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Josephine Alibrandi Essay

  • Date Submitted: 03/26/2010 11:46 PM
  • Flesch-Kincaid Score: 63.3 
  • Words: 275
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Josephine Alibrandi
Josie is seventeen years old. She is studying for her final school exam. She has the restlessness of youth about her because she is a young woman wanting her independence. She would like to be free to choose her own path in life and feels restrained by her Italian cultural heritage. Yet to go against one’s family is bound to end in unhappiness, or so she believes.
Josie is at times childish, behaving selfishly when her mother wants to date a new man. At other times she shows the beginnings of maturity, such as when she tells John Barton that he needs to be himself and not what his parents expect him to be. It is the same family restrictiveness, and pressure, that Josie so closely identifies with in John. But her immaturity is still apparent, especially in the cheeky way she approaches her father. She behaves like a spoilt brat, wanting his attention, and asks personal questions about his private life.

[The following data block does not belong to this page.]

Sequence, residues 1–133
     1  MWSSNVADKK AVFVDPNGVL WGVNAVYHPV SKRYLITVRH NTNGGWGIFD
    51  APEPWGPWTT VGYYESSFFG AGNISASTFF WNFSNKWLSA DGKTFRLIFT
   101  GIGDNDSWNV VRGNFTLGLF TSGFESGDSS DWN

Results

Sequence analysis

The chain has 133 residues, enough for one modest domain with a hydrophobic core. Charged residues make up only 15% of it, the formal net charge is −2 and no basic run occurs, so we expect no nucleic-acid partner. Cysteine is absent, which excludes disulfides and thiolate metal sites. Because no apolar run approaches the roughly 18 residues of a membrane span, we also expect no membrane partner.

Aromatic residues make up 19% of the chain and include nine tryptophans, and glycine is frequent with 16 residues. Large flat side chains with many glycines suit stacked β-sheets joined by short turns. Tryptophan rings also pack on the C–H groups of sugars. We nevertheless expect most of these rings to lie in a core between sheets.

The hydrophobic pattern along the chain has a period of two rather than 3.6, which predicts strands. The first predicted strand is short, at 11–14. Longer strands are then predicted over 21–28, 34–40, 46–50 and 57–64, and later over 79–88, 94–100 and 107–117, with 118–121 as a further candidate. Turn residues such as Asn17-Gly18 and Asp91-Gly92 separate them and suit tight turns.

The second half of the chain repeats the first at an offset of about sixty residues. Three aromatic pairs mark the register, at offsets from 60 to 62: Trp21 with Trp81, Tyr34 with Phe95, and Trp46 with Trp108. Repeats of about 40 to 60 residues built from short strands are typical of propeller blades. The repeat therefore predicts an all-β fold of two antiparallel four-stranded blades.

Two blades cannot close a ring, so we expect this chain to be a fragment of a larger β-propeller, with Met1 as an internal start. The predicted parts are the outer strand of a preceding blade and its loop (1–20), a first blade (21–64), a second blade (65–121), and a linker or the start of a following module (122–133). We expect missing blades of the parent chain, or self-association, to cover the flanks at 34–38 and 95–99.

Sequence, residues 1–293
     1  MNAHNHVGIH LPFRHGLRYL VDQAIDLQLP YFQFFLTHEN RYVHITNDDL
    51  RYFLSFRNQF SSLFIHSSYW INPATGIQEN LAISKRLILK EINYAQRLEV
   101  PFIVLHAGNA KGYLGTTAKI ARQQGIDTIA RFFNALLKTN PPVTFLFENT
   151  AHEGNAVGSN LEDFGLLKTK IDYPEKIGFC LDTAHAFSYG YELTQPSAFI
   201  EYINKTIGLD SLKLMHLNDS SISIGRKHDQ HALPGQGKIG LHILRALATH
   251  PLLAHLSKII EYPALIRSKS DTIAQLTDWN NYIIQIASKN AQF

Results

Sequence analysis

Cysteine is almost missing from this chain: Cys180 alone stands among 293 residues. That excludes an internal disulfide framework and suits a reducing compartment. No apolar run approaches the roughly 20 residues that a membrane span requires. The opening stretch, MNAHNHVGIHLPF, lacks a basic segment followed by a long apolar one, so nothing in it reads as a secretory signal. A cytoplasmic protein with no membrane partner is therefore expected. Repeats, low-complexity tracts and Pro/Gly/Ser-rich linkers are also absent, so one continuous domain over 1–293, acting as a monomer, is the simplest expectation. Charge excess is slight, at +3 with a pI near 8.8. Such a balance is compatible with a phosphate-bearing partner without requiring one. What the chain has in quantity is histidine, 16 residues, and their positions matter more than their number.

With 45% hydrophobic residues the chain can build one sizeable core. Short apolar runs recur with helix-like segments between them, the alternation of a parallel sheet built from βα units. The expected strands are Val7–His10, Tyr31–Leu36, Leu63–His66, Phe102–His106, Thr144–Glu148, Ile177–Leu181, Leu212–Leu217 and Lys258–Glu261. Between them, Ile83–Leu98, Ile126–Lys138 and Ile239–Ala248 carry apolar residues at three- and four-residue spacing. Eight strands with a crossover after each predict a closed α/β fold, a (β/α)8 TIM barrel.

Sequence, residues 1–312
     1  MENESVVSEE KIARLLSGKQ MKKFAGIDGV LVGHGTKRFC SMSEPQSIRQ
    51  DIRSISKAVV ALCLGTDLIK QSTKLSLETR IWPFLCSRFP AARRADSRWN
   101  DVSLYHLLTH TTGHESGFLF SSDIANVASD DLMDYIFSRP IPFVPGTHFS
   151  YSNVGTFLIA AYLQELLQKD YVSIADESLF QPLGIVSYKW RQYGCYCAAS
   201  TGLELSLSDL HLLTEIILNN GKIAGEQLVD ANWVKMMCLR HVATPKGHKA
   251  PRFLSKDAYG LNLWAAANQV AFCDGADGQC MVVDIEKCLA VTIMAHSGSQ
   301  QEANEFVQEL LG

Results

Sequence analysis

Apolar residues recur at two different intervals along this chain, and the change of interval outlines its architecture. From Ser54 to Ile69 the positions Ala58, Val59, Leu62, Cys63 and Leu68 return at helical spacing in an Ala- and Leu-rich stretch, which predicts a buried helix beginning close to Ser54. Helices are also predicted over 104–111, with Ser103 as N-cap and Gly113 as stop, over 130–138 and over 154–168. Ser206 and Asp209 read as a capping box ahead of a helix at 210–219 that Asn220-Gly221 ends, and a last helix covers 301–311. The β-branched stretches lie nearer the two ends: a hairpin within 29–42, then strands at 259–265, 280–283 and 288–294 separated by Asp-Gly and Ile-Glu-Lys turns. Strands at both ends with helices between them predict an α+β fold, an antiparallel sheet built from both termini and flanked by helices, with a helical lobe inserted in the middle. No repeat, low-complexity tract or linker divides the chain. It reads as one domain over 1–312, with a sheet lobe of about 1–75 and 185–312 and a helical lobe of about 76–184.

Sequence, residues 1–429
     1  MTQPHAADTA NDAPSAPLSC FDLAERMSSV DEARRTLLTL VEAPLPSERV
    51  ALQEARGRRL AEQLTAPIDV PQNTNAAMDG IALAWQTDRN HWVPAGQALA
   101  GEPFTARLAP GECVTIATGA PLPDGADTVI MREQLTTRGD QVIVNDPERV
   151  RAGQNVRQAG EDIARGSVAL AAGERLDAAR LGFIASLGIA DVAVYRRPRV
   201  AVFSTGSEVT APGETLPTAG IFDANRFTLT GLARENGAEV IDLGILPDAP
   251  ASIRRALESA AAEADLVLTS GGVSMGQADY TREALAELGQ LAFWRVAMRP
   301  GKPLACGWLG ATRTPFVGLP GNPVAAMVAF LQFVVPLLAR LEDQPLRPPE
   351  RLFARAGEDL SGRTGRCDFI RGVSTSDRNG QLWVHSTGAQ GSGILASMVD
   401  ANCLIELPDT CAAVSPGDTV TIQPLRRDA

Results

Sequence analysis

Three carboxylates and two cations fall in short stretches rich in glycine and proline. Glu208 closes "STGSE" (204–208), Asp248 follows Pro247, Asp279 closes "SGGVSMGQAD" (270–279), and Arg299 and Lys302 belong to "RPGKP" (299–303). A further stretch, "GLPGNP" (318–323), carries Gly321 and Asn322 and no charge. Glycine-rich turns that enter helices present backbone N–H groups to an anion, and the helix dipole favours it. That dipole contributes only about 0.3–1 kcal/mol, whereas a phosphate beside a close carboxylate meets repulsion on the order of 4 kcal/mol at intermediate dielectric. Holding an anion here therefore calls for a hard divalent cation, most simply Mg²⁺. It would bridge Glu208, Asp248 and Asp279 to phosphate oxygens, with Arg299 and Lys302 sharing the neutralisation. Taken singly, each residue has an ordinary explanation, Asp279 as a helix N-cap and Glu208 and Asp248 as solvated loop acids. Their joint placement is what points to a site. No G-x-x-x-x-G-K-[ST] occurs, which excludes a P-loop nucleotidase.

An intense young woman, Josie is quick to react or overreact. When she is angry or irritated she lets her thoughts and feelings be known to whoever is at hand. In this way, Josie is an open, demonstrative person. She is an optimist and has plans for a career in law. She is resourceful and easily obtains part-time work at McDonald’s and later proves herself sufficiently competent to work in her father’s legal office. Josie is trying to find out who she is and where she fits in to Australian culture and life. Her Italian heritage makes the path towards self-discovery a doubly difficult journey.

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